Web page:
Sunderland is a community located approximately 100 km northeast of Toronto, Ontario in Brock Township, in the Regional Municipality of Durham, Ontario, Canada. This is currently one of the very few populated areas of the Greater Toronto Area where the Trans Canada Highway passes near, thus also making this the closest point from the highway to the City of Toronto at 100 kilometres (62 mi) apart.
|• Total||0.5 km2 (0.2 sq mi)|
|Elevation||200 m (700 ft)|
|Time zone||UTC-5 (EST)|
|• Summer (DST)||UTC-4 (EDT)|
|Forward sortation area|
Sunderland has a community of small businesses that focus primarily on the needs of surrounding rural families. Downtown Sunderland also has a number of restaurants, drug store, dog groomer, grocery and bottle store, hardware store, an art gallery, a museum (Sunderland & District Historical Society), bank, post office and a branch of the Royal Canadian Legion.
The land that the Town of Sunderland was built on, was granted in the early 1820s to United Empire Loyalists. (Sir Isaac Brock's Estate was given 1,400 acres (5.7 km2) of free land in the vicinity). Sunderland slowly grew around the Brock Hotel - a popular overnight stop for travelers that was owned by Lorenzo Jones. The first post office was called Brock and was run by Andrew Hill; it was located just north at the modern junction of Highway 12 and 7th Concession.
Sunderland was originally called Jones Corners, as both Arch and Lorenzo Jones owned property in what became the downtown core. They produced a town plan and it was renamed Sunderland by 1871 when the Toronto - Lindsay Line of the Toronto and Nipissing Railway was built. The town's population grew rapidly during this time. (Vroomanton, a larger village to the west was bypassed by the railway, and its population subsequently dropped).
Sunderland's name is thought to come from Charles Spencer, the Third Earl of Sunderland in England. He was the Secretary of State, and he helped move Palatine German families to London and then, with Queen Anne's aid, to Ireland in the early 18th century. Many of the men in these families had ancestors who fought for Britain in the American War of Independence in 1776 and in the War of 1812 in the New World, and so, in 1818, after the wars, for their efforts, they were granted free land in what was to become Brock Township, Ontario. These early Palatine settlers included surnames like: Shier, Baker, Bagshaw, Switzer, Lowe, St. John, Lodwick, Brethour and Doble.
Hurricane Hazel struck Sunderland in 1954, and another storm in 1957 destroyed the skating arena and tore out many trees. Although the railway ceased operations through Sunderland in the 1980s, the town has remained vibrant, due in no small part to its close proximity to Toronto, Lindsay, and Newmarket.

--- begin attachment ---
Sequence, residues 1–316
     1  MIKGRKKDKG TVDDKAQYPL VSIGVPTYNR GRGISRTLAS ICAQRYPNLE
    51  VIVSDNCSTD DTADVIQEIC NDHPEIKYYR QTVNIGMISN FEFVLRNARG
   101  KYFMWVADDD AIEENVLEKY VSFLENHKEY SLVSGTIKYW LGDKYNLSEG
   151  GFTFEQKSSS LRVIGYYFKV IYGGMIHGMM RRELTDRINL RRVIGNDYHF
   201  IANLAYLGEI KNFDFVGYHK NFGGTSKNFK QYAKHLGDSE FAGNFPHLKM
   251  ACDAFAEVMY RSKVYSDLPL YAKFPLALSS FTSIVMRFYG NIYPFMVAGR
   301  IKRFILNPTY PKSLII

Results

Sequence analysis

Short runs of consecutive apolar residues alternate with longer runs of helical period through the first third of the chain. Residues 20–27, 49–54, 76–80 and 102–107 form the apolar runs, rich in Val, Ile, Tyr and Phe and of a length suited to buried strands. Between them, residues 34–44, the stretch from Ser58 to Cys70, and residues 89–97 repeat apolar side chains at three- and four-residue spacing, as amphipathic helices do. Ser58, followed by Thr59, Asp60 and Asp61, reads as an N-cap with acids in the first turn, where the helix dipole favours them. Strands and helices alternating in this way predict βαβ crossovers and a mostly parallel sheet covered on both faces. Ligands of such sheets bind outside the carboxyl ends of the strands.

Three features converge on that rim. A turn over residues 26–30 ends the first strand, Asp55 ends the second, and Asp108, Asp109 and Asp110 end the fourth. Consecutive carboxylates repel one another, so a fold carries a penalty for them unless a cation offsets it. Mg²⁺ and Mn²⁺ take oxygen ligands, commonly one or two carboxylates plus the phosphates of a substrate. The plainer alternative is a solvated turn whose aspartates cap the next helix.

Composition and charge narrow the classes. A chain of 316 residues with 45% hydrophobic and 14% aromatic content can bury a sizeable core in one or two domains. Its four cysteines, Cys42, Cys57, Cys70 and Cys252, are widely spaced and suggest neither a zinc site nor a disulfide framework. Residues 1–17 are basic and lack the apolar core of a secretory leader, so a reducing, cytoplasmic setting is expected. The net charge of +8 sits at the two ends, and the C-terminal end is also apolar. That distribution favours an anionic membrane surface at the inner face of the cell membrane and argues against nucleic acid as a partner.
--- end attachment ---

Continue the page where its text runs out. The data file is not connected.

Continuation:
The region around Sunderland is rolling farmland, with dense first-growth deciduous forests and rich agricultural soil. Sunderland displays many typical traits of a temperate humid climate. Its altitude and proximity to the Canadian Shield allows for much deciduous forests with beginning sprouts of coniferous trees.
Sunderland is home of the Brock Minor Hockey Association and the Sunderland Skating Club www.sunderlandskatingclub.com
Sunderland hosts the annual Maple Syrup Festival at the beginning of April each year. The town also hosts the annual Sunderland Agricultural Fall Fair in September of each year. This fair has been held annually since the 1850s and is the longest continuously running fair in Ontario. As well, Sunderland hosts Orange Parades with the Orange Order, usually during the month of July.
Sunderland has been home to a local Lions Club since 1955. As of 2011 the club has approximately 60 members which puts it amongst the largest in its Lions International District known as A-16. The club runs various fundraisers throughout the year such as a Car Draw and Beach Volleyball tournament as well as annually hosting a Blue Rodeo concert. All profits from these events are put back into service projects and used for the purpose of community betterment. One of the club's largest service projects is the annual Sunderland Lions Music Festival which is held over 3 weeks, beginning in Mid-February.
There are about 30 homes on the extreme south-west corner of Brock Township with (rural route) Sunderland mailing addresses and a 905 North American area code.
Blackwater Creek (Sunderland) Aerodrome, (TC LID: CSD7), is 2 nautical miles (3.7 km; 2.3 mi) west of Sunderland, Ontario, Canada.George Arthur Welsh
George Arthur "Art" Welsh DSO & Bar (28 July 1896 – 16 February 1965) was a Canadian flying ace, farmer and political figure. He represented Muskoka—Ontario in the Legislative Assembly of Ontario as a Progressive Conservative member from 1945 to 1955.